With new U.S. law, trafficked children no longer need to testify in court

by Ellen Wulfhorst | @EJWulfhorst | Thomson Reuters Foundation
Thursday, 16 August 2018 03:14 GMT

ARCHIVE PHOTO: People pass the United States Court House in New York on October 17, 2001. REUTERS/Peter Morgan

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Measure removes the legal requirement in sex trafficking cases to prove a child victim was forced or coerced into sex

By Ellen Wulfhorst

NEW YORK, Aug 15 (Thomson Reuters Foundation) - Child sex trafficking victims will no longer be made to testify in court in the United States, after New York adopted a law on Wednesday making it the final state to end the practice.

New York Governor Andrew Cuomo signed into law a measure that removes the legal requirement in sex trafficking cases to prove a child victim was forced or coerced into sex.

"It means the trafficking victim doesn't have to take the stand and testify about the horrific experiences," said Dorchen Leidholdt of Sanctuary for Families, an anti-trafficking group.

The move brings New York in line with U.S. state and federal laws, as well as global norms, experts said.

Under a United Nations measure known as the Palermo Protocol, children do not have to prove they were trafficked, said Romina Canessa, a trafficking expert at the rights group Equality Now.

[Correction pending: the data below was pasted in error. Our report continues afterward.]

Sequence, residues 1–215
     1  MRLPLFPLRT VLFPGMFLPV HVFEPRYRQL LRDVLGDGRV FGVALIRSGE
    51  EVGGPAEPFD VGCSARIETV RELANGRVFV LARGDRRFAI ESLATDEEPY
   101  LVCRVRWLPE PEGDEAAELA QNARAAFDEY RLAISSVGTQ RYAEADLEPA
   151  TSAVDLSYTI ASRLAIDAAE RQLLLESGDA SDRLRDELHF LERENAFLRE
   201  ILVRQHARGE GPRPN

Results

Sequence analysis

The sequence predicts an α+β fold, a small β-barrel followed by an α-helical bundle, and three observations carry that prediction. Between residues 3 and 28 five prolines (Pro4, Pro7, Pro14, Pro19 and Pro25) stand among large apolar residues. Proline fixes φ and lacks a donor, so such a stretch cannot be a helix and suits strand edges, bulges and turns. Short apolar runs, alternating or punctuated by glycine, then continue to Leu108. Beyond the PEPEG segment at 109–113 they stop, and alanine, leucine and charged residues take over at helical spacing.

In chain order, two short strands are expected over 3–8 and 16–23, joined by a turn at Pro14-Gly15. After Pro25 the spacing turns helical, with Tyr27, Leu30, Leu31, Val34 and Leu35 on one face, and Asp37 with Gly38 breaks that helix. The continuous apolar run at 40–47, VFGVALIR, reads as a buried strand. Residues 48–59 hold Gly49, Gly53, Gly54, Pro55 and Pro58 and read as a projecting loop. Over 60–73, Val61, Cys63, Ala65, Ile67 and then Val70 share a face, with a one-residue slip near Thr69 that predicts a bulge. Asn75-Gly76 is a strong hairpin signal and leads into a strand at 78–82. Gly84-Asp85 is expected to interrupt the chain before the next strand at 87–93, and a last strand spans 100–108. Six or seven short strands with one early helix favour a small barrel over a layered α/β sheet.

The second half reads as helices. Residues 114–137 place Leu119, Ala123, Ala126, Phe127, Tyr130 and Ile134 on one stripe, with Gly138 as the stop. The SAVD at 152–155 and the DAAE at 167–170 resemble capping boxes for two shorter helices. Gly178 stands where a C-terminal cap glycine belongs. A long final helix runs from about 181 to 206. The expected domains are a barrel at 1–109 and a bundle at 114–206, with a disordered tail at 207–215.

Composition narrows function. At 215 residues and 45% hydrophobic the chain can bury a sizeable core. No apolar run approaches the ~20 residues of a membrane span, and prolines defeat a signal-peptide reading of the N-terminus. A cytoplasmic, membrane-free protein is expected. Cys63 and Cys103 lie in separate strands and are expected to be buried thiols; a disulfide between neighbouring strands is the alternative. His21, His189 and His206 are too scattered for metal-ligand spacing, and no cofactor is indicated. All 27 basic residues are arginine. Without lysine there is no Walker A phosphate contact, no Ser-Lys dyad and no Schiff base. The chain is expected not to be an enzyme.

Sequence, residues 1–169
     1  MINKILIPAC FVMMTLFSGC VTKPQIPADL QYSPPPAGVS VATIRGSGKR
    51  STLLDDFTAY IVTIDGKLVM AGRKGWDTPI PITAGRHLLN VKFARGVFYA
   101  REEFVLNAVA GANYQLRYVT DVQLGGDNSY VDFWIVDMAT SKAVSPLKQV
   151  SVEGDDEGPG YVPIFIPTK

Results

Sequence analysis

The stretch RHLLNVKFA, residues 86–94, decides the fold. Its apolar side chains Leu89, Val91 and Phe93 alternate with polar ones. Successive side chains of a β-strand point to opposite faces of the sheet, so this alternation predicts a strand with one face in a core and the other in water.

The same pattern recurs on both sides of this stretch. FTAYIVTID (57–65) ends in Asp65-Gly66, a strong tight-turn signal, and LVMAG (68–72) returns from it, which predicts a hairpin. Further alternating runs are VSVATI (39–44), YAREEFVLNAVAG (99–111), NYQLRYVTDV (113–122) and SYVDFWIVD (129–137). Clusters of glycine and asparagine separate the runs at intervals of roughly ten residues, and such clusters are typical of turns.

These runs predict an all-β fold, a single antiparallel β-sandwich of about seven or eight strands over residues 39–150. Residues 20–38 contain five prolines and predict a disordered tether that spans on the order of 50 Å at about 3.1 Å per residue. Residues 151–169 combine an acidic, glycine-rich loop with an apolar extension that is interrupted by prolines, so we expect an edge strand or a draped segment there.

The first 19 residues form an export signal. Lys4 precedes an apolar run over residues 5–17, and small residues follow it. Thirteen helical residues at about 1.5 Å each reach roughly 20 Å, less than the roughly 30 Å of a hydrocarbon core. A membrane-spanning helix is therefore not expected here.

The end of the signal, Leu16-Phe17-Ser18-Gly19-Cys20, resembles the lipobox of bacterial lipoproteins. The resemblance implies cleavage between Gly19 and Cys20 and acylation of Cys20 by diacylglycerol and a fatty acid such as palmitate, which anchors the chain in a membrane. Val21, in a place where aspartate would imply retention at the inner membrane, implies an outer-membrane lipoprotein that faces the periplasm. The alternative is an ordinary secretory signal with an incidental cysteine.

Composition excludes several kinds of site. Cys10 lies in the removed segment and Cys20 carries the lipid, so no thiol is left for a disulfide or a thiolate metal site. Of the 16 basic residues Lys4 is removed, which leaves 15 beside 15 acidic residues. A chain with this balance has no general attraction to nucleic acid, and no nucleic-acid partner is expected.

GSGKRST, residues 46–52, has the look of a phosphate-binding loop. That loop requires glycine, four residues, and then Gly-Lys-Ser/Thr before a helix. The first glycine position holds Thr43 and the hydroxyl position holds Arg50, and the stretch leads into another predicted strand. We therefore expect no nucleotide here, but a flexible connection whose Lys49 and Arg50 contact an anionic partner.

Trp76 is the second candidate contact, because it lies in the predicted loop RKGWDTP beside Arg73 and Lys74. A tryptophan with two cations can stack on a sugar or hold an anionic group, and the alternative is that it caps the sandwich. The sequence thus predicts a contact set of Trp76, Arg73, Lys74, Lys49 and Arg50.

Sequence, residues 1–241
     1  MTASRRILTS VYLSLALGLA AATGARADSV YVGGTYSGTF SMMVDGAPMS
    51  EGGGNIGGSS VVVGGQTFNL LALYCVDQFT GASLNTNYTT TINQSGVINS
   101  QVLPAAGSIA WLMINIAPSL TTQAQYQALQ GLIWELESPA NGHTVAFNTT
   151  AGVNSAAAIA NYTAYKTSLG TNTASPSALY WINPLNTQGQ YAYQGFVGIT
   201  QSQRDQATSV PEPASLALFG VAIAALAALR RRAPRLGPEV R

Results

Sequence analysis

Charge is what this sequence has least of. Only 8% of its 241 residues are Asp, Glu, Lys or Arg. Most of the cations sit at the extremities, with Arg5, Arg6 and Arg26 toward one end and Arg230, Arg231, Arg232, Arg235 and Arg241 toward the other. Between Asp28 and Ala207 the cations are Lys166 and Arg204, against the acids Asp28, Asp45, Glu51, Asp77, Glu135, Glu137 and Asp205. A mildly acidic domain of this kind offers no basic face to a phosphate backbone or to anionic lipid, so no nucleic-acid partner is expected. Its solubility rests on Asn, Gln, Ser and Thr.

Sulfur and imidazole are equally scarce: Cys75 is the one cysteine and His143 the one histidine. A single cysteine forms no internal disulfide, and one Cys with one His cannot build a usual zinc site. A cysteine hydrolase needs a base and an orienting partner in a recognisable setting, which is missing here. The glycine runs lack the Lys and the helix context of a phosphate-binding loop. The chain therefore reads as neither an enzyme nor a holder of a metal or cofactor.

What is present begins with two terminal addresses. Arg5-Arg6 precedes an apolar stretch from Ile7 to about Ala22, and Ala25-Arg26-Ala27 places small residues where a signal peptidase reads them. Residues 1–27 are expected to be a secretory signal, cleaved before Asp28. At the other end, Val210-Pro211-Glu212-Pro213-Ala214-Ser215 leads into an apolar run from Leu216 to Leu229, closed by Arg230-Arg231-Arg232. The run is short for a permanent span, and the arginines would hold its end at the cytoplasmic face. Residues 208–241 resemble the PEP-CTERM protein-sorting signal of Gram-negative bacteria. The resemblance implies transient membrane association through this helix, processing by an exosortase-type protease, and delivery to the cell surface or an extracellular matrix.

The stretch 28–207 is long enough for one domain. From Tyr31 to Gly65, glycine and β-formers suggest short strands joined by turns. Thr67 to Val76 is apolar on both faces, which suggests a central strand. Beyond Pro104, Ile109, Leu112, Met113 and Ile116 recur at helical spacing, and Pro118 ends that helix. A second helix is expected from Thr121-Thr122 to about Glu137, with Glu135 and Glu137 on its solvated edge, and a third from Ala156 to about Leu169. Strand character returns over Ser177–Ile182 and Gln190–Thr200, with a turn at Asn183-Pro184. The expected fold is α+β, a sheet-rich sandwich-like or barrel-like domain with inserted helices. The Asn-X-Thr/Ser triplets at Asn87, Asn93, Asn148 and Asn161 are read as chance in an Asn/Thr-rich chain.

Elsewhere in the United States, Alabama last month lifted its requirement for coercion or deception to be proven in cases of child sex trafficking. Its new law took effect in July, according to a spokeswoman for the state's attorney general.

In New York, the move faced resistance from some legislators who were initially reluctant to increase criminal penalties, Canessa told the Thomson Reuters Foundation.

"It took a little bit of convincing, and just making state legislators realize that there is a reason why federal and international law, and the majority of other states, don't require proof of coercion for minors," she said.

"This is an issue of rape of children."

Each year, some 100,000 to 300,000 children are at risk of being trafficked for commercial sex in the United States, according to the U.S. Department of Justice. (Reporting by Ellen Wulfhorst, Editing by Jared Ferrie

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